Dr. H. Stephen Shoemaker
Myers Park Baptist Church
Charlotte, North Carolina
September 7, 2008
TRANSFIGURATION, THEOSIS AND TRANSFORMATION
Texts: II Peter 1:3-4; II Corinthians 3:18; and Matthew 17:1-9
We have a yearning to be more than we are – and for the world to be more. This yearning is from God. It is the hope of transformation. On the personal level it is the “new being,” the “new personhood.” On the cosmic level it is the “new creation.” We get a glimpse of it in today’s text, what we call the Transfiguration.
I was praying with the Benedictine monks at St. John’s Abbey on August 6. August 6 is the Feast of the Transfiguration, and worship centered on today’s gospel. It is a minor feast day in the Western Church, but it is one of the major feast days in the Eastern Church, the Orthodox Church – Greek, Russian, Coptic, to name a few of its branches. It is also called the Feast of Metamorphosis. You’ll see why.
The Christian life is about transformation. I was going to use the word “change”, but after hearing the word “change” 42,000 times during the last two weeks of political conventions I ditched it. The Christian life is about transformation, becoming who God made us to be, and the world itself being transformed. It is a becoming, and it is also an awakening to our true self created in the divine image. In the second century Irenaeus of Lyons wrote: “The glory of God is the human being fully alive.” What God offers is transformation. It’s a stirring thought. The great French paleontologist and theologian, Teilhard de Chardin, wrote:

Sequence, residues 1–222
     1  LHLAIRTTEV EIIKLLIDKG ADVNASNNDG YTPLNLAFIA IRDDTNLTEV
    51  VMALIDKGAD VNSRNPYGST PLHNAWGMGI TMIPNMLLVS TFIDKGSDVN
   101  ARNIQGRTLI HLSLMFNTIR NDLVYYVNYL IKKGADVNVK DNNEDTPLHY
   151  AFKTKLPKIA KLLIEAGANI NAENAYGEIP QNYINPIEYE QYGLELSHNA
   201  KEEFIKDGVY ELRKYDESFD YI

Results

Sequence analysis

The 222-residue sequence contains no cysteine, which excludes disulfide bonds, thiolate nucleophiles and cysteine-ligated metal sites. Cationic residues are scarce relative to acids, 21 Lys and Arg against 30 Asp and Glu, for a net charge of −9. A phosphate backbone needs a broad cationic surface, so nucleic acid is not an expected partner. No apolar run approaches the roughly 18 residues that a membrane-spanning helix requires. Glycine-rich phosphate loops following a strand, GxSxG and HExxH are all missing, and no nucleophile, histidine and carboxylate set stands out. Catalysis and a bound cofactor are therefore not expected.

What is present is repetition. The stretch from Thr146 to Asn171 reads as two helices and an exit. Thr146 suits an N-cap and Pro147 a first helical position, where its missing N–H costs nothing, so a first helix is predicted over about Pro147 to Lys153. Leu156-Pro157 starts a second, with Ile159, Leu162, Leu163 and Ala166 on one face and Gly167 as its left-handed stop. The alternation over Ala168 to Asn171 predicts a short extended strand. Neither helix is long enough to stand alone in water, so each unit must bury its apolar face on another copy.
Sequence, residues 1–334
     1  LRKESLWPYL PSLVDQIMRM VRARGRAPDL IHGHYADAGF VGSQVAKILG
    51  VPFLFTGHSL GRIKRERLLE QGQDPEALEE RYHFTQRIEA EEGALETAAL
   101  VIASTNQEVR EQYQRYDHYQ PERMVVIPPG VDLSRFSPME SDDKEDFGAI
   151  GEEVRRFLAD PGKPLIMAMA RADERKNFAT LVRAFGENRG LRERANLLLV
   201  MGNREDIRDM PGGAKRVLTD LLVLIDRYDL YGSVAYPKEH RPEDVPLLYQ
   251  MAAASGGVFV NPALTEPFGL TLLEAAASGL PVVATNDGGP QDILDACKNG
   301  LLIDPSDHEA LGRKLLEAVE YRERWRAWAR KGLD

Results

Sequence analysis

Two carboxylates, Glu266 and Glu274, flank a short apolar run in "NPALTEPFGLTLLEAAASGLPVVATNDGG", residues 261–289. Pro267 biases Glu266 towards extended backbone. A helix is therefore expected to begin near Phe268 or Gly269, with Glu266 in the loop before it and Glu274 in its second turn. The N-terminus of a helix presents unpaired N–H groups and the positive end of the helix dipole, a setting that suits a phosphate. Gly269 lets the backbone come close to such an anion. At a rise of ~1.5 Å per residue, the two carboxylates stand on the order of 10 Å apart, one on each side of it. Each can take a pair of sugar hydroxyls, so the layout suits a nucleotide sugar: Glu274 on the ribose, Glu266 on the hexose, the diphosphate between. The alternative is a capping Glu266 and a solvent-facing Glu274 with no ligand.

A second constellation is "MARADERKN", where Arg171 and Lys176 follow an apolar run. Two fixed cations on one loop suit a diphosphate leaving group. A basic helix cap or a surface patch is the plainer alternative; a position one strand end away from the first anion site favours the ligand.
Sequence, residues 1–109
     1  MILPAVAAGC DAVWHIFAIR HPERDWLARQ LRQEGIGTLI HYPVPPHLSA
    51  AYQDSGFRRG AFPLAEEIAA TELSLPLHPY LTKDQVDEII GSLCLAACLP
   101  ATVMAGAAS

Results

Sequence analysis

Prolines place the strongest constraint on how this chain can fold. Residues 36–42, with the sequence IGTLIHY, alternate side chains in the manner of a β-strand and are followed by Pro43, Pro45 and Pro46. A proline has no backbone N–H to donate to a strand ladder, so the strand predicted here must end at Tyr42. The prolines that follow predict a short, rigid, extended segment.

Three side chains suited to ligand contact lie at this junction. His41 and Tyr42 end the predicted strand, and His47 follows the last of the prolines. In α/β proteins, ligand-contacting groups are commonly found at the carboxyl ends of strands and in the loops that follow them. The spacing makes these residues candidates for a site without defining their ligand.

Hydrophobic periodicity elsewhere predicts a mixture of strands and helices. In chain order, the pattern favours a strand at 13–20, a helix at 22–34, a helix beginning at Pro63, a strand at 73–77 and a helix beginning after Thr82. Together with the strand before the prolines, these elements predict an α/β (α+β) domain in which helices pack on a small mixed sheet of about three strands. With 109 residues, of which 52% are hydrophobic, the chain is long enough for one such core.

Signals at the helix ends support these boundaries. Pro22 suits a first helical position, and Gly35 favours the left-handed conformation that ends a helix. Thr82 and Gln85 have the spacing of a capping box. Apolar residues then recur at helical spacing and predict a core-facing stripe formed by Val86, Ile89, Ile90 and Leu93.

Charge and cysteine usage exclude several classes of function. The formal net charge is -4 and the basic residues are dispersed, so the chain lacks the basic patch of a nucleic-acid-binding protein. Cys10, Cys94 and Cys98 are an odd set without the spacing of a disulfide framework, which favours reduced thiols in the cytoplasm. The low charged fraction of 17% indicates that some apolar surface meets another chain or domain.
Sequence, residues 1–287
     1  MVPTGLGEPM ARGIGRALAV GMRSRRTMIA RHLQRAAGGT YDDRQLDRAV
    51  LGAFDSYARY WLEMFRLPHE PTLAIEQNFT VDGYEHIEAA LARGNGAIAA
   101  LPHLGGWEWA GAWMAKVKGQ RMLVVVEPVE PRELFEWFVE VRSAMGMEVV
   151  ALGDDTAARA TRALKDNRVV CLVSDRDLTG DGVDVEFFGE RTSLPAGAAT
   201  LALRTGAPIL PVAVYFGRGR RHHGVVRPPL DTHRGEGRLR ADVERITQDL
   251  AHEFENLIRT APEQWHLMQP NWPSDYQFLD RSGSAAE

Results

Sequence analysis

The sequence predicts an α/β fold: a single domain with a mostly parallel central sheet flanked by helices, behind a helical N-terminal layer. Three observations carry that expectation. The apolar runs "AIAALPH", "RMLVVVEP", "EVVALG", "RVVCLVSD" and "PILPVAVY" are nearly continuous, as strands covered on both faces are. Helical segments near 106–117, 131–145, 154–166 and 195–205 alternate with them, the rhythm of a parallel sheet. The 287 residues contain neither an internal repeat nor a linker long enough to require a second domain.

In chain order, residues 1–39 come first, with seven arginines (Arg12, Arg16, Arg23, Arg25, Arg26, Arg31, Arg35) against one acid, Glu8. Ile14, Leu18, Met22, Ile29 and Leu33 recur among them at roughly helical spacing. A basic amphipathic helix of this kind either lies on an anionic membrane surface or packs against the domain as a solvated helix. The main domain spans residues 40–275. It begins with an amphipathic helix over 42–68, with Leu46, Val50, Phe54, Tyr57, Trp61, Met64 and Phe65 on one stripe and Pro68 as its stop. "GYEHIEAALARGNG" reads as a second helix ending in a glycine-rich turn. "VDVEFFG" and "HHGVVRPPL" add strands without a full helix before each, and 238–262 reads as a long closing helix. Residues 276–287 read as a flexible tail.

We have had too much talk about sheep.
I want to see the lions come out!1
In today’s text Jesus takes three disciples, Peter, James and John to the top of Mt. Tabor to pray. (Later, on the night of his arrest, he will take these same three into the Garden of Gethsemene to pray.)
Suddenly his body changed – literally “metamorphosized.” His face shone like the sun and his clothes were as white as gleaming light. Two figures appeared and began to talk with Jesus. Moses and Elijah. (How did the disciples know it was Moses? They hadn’t yet seen Charlton Heston in The Ten Commandments. In icon art Moses is depicted holding a book. Elijah is an old man with long hair.) Moses and Elijah, represent in Hebrew tradition the Law and the Prophets, the heart of God’s revelation to the Hebrew people.
It was a glorious vision of the divine realm come to dwell in our earthly realm, eternity and time, spirit and matter become transformedly one. Peter wanted to stay there forever:
Lord, it is good that we are here. If you want I will make three dwellings here, one for you, one for Moses, one for Elijah.
We can identify. There are those moments when we feel at one with God and life itself, when we transcend our small self and experience the beauty, the vastness, the love and truth of God, and we want it to last forever.
But it was not over. The Transfiguration was not just a visual revelation, it was also an auditory one. A bright cloud overshadowed them, and a Voice said, as at Jesus’ baptism: “This is my son, the Beloved, in whom I am well pleased.” Then added, “Listen to him.” Hear and obey him. He is my revelation you have in front of you. Follow him.